Combining transgenesis with paratransgenesis to fight malaria

W. Huang, J. Vega-Rodriguez, C. Kizito, S.-J. Cha and M. Jacobs-Lorena,  eLife,  11:e77584. 2022.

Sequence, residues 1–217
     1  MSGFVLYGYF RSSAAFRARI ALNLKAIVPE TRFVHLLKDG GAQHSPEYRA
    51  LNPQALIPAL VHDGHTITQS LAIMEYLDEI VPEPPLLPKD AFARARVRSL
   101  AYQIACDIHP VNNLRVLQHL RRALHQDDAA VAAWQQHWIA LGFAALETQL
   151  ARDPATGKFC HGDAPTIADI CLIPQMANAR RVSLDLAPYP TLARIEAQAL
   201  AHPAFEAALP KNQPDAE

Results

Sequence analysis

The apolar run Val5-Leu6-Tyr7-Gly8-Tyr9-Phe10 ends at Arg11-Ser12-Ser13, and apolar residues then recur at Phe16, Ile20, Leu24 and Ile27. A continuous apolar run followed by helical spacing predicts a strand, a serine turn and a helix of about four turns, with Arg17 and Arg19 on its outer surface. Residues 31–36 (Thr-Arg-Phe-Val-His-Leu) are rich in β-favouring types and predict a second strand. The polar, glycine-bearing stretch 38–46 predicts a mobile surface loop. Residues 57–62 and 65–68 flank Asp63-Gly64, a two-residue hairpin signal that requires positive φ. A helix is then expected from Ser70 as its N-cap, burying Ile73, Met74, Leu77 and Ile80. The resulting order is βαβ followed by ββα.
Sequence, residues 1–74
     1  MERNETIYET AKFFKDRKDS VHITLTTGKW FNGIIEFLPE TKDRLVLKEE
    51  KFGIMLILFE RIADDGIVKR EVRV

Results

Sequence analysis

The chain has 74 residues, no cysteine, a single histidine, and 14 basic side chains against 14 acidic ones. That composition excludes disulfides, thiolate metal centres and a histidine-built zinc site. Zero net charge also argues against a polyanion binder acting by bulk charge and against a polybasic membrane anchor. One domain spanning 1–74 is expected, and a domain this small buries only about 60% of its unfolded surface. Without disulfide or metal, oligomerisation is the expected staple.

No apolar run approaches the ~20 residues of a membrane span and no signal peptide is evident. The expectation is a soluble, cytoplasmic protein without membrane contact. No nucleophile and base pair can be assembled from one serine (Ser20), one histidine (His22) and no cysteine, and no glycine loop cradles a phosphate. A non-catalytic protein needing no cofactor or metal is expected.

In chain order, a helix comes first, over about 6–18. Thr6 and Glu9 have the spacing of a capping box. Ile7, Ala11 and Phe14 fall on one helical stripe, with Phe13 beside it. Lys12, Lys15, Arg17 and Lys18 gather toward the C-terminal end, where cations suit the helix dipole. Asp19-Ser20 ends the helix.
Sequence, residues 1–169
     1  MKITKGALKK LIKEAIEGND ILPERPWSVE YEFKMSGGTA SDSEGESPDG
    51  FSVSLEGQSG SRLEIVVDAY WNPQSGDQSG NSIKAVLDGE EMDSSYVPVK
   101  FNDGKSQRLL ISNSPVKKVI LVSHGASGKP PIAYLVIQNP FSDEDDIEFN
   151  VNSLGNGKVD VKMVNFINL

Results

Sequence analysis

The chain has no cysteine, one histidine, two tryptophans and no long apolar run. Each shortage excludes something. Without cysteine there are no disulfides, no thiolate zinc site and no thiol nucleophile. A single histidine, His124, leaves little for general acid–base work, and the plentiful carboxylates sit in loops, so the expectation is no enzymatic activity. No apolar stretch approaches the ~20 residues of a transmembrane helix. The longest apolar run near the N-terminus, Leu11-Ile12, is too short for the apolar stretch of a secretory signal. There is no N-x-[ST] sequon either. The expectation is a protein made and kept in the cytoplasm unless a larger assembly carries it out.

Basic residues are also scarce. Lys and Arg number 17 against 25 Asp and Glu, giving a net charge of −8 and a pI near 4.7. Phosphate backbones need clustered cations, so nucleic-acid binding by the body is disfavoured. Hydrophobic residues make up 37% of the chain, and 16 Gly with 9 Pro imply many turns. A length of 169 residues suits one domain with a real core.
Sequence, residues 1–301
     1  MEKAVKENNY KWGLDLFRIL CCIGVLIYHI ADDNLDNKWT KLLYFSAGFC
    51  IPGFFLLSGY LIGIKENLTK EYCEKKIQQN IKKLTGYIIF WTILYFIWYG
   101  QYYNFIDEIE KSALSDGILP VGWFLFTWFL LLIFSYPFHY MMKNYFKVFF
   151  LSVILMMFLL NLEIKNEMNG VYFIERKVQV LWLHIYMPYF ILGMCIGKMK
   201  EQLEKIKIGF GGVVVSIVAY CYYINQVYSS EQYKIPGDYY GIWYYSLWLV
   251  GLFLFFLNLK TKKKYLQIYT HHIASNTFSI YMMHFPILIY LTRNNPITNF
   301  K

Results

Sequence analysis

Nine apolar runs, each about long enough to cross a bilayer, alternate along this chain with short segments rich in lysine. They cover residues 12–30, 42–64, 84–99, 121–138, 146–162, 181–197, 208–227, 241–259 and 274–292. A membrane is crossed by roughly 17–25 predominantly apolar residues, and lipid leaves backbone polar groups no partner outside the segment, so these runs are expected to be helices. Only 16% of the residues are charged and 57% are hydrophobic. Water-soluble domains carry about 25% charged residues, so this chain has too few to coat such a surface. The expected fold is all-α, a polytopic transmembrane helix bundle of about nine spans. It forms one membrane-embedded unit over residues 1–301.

Malaria is among the deadliest infectious diseases, and Plasmodium, the causative agent, needs to complete a complex development cycle in its vector mosquito for transmission to occur. Two promising strategies to curb transmission are transgenesis, consisting of genetically engineering mosquitoes to express antimalarial effector molecules, and paratransgenesis, consisting of introducing into the mosquito commensal bacteria engineered to express antimalarial effector molecules. Although both approaches restrict parasite development in the mosquito, it is not known how their effectiveness compares. Here we provide an in-depth assessment of transgenesis and paratransgenesis and evaluate the combination of the two approaches. Using the Q-system to drive gene expression, we engineered mosquitoes to produce and secrete two effectors – scorpine and the MP2 peptide – into the mosquito gut and salivary glands. We also engineered Serratia, a commensal bacterium capable of spreading through mosquito populations to secrete effectors into the mosquito gut. Whereas both mosquito-based and bacteria-based approaches strongly reduced the oocyst and sporozoite intensity, a substantially stronger reduction of Plasmodium falciparum development was achieved when transgenesis and paratransgenesis were combined. Most importantly, transmission of Plasmodium berghei from infected to naïve mice was maximally inhibited by the combination of the two approaches. Combining these two strategies promises to become a powerful approach to combat malaria.

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